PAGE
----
Sao Paulo saw a demonstration of 6,000 people organised by the main trade union federation, the landless movement, and the national union of students. All are closely linked to Lula and the PT. While the marchers opposed any attempts by the right to topple Lula they also attacked corruption and the government’s neo-liberal policies.
The protest’s significance was that the industrial region of Sao Paulo is Lula’s base, from which he launched the PT on the back of a wave of strikes by engineering workers.
Unrest over corruption in government is connecting with opposition to its economic policies and spreading into the organisations which provide the PT’s social base. Events are moving quickly. Over the coming months key groups of workers are set to press for significant wage increases.
The right is also keen to exploit the situation with a campaign to impeach Lula. Initially big business was not keen on talk of removing a government that has served it well, but the right is now beginning to smell blood.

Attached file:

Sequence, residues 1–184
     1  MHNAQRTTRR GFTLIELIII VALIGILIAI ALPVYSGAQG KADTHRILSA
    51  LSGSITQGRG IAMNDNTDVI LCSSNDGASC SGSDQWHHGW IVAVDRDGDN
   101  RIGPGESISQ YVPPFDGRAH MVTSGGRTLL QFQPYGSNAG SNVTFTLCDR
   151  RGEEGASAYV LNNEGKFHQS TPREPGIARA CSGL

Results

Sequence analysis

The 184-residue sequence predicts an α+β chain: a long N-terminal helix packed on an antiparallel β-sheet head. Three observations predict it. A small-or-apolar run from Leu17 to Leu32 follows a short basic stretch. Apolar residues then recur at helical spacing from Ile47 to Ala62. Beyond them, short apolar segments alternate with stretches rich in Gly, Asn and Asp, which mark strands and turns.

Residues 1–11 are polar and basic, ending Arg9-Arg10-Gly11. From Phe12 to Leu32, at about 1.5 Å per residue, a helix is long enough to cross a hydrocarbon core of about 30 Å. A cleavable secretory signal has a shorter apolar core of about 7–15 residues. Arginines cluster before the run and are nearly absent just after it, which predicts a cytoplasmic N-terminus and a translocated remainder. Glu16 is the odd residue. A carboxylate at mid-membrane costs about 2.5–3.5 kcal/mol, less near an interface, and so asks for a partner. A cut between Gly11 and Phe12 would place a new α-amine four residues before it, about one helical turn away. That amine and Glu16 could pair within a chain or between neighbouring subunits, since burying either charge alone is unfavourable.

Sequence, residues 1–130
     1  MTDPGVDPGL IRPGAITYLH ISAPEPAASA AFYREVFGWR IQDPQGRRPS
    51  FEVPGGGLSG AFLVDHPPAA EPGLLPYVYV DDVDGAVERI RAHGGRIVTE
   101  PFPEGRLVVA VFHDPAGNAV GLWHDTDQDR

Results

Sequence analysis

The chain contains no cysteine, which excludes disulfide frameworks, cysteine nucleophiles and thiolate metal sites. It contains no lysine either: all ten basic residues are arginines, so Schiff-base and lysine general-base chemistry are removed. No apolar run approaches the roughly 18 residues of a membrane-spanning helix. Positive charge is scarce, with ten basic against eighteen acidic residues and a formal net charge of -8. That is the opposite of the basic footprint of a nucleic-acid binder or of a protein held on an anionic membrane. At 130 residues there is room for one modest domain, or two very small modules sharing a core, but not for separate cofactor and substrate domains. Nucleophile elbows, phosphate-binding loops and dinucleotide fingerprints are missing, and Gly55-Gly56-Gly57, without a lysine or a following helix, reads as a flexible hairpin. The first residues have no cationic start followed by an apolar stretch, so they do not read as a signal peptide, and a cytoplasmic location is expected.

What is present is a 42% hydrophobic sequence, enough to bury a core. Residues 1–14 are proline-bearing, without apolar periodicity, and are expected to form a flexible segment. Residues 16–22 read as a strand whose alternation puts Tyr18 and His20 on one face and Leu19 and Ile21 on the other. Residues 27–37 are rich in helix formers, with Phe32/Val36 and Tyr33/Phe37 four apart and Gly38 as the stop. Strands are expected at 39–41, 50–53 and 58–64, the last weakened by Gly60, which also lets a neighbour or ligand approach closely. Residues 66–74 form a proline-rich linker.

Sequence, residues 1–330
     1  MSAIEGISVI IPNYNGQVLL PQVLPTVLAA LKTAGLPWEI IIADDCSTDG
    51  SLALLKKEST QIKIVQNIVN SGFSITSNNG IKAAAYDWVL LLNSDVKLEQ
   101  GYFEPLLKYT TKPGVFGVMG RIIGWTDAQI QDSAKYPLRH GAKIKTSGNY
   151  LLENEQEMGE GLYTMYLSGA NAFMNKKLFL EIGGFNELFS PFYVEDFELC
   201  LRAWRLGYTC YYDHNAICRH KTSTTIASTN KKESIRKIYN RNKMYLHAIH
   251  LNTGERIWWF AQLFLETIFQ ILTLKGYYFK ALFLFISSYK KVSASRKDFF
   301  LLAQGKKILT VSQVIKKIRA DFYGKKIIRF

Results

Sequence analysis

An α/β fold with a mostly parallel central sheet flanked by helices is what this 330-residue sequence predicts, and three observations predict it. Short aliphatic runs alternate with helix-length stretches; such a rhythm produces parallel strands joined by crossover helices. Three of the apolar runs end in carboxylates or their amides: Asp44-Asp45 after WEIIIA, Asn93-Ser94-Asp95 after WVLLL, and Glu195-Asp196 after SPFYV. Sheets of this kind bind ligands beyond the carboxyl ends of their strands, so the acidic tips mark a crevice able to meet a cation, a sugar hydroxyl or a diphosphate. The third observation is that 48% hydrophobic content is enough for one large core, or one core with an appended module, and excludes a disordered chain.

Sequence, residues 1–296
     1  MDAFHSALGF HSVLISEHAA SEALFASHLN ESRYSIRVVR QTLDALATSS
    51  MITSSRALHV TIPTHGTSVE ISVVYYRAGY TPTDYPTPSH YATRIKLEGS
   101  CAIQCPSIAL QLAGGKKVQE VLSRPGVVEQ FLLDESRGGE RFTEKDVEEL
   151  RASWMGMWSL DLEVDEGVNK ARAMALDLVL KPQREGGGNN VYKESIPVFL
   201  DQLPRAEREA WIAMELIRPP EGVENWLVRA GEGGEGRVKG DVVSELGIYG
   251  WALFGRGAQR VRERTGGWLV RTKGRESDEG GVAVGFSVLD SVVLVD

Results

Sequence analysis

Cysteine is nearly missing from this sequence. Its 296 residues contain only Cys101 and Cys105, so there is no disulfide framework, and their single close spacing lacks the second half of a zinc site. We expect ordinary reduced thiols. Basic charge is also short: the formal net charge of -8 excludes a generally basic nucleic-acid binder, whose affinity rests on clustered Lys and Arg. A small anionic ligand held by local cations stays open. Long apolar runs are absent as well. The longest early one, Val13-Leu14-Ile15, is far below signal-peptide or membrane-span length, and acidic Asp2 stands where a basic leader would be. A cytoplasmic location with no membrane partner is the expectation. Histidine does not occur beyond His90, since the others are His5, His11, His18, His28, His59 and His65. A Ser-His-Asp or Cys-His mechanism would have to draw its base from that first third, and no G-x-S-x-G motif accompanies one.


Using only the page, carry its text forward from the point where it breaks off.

Inside the working class and the mass movements the danger is that the “all politicians are corrupt” argument can lead to apathy and this can open the door to the right.
Many crucial activists are not openly talking of leaving the PT. Some may join P-Sol, but many will not yet be ready to take that step. P-Sol has an opportunity to build a broad campaign against the corrupt politicians which forge links with to the challenge to Lula’s free market policies.